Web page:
By Candace Moody and Thomas Moody, LMT
Massage therapy has been around for at least five thousand years. There are references in ancient documents of the Chinese imperial court identifying massage as a healing art; in the Bible, there are verses about anointing the human body with oil may that well have referred to some form of healing massage. The Greek physician Hippocrates advised massage routines for his patients. In various forms, therapeutic massage could be found in just about every corner of the ancient world.
Modern athletes are rediscovering the benefits of sports massage. Elite athletes in all sports find that an sports massage therapist can help them train longer, recover more quickly after workouts and injuries, and perform better during competition. Amateur athletes can reap the same benefits, but without an expert training staff to guide you, it can be a challenge to find and ask for what you need.
Here are some things you should know about sports massage:
Not all massage is designed to improve athletic performance. All massage feels good and has some therapeutic benefit. But the soothing massage you receive at a spa is not intended to treat muscles that have been performing at capacity during a workout or competition. Not all massage therapists have the extensive anatomical and kinesthetic training needed to understand which muscle groups have been used or how to help them recover. Therapists who specialize in sports massage have studied athletes and performance and know what it takes to improve function and range of motion.
Massage should be a regular therapy, not a one-time event. Training for competition requires regular and thoughtfully planned workouts. Likewise, massage therapy is more effective when it comes at regular intervals. Massage therapy offers cumulative benefits over time; it’s rare that one session will solve a problem. It also takes time for the body to become accustomed to the deep work required to treat injuries. Massage therapy helps the muscles, fascia and nerves work together to repair, flush or return the muscle to its normal state. Regular massage helps muscles remember what to do to recover and helps the effects last longer.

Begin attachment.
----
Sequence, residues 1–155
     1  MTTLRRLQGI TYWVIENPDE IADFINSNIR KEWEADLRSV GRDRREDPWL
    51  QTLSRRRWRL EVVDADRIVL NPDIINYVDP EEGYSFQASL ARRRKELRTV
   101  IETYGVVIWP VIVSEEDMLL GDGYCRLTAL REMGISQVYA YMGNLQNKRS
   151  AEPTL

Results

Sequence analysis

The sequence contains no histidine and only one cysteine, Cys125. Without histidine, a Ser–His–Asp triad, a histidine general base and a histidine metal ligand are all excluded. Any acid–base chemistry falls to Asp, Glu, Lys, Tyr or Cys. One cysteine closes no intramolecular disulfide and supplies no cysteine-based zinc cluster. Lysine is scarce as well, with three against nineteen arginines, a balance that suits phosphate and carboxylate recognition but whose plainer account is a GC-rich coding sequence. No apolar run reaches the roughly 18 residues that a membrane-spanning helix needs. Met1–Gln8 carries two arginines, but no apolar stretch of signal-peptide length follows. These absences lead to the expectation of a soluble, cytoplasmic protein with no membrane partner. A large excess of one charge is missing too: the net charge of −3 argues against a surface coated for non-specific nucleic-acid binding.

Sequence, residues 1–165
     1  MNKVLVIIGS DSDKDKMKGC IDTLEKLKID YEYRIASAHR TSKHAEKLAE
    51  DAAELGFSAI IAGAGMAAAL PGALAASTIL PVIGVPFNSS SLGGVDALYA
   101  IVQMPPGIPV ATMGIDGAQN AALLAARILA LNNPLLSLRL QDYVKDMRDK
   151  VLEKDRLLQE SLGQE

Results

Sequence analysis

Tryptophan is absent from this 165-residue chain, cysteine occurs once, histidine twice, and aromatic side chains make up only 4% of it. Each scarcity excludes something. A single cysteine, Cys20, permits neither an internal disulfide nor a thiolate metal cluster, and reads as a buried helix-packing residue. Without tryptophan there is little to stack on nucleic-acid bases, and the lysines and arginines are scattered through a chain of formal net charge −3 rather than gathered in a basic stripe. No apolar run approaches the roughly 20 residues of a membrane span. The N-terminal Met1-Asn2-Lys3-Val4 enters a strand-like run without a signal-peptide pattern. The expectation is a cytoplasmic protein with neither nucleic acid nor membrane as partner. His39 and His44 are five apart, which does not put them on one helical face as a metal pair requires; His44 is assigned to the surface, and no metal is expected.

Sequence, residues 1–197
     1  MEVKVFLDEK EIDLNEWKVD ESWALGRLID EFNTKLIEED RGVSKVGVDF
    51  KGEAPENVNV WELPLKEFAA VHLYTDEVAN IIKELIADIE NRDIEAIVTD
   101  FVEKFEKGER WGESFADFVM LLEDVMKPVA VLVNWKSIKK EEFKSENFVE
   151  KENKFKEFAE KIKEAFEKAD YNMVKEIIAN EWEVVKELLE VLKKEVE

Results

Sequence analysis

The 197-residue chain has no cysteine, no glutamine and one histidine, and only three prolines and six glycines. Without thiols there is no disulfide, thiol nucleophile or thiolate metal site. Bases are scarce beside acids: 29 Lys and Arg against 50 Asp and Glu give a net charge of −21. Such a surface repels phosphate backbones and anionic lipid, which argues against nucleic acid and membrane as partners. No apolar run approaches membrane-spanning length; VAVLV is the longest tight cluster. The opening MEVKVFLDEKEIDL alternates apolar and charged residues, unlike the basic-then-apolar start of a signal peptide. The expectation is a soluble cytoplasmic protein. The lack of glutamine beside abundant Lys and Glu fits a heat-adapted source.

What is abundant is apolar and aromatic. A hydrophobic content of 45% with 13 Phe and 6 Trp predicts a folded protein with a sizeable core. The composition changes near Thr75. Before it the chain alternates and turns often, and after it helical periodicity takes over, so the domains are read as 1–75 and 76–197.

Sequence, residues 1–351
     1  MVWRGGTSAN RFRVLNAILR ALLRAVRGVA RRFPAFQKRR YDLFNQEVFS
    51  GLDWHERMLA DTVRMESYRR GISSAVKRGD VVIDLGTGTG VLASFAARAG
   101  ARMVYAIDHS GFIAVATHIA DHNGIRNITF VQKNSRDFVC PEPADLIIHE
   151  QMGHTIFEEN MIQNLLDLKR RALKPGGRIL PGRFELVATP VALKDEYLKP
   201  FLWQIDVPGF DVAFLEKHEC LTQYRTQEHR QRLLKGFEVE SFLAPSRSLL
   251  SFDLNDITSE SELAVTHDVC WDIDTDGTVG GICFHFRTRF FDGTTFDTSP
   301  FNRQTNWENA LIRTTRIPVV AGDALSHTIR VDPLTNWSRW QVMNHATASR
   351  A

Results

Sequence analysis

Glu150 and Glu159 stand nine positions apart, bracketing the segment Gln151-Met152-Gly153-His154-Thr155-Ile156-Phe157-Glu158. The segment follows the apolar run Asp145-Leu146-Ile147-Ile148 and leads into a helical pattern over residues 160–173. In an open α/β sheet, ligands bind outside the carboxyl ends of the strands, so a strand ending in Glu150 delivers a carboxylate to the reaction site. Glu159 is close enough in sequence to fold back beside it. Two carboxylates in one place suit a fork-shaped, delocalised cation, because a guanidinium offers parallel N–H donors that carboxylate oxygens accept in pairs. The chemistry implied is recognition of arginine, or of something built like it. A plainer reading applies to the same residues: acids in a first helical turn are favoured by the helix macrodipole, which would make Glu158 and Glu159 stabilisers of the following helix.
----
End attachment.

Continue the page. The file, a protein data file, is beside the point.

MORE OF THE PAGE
Effective sports massage uses a variety of modalities. A therapist who only knows a couple of styles of massage may not be able to influence all the systems that your body uses during and after your workout. For example, Swedish massage, the most common massage technique, works on your parasympathetic system. That’s the system that controls “rest and digest” functions, and Swedish is very effective for recovery after competition. But it’s not at all effective before; in fact, a Swedish massage before competing will impair your performance. Ask your therapist how many modalities he has been trained in – the more versatile he is, the more effective he’ll be for an athlete.
If you’re serious about improving your athletic performance, you probably have a personal trainer or coach working with you. Together, you work on a plan for improving speed, endurance, or performance. An expert sports massage therapist can maximize your workouts and shorten your recovery time. If you haven’t incorporated regular sports massage into your training plan, you might be leaving some performance on the table, so to speak.
Thomas Moody, LMT is a licensed massage therapist in practice at Definition Fitness in San Marco. He is certified in Neuromuscular Massage. Thom is part of the sports medicine team of the NFL’s Jacksonville Jaguars and Jacksonville University, and has worked with collegiate and Olympic athletes in many sports. He is also certified as a Level One USAA Track and Field Coach. Candace Moody is a writer based in Jacksonville.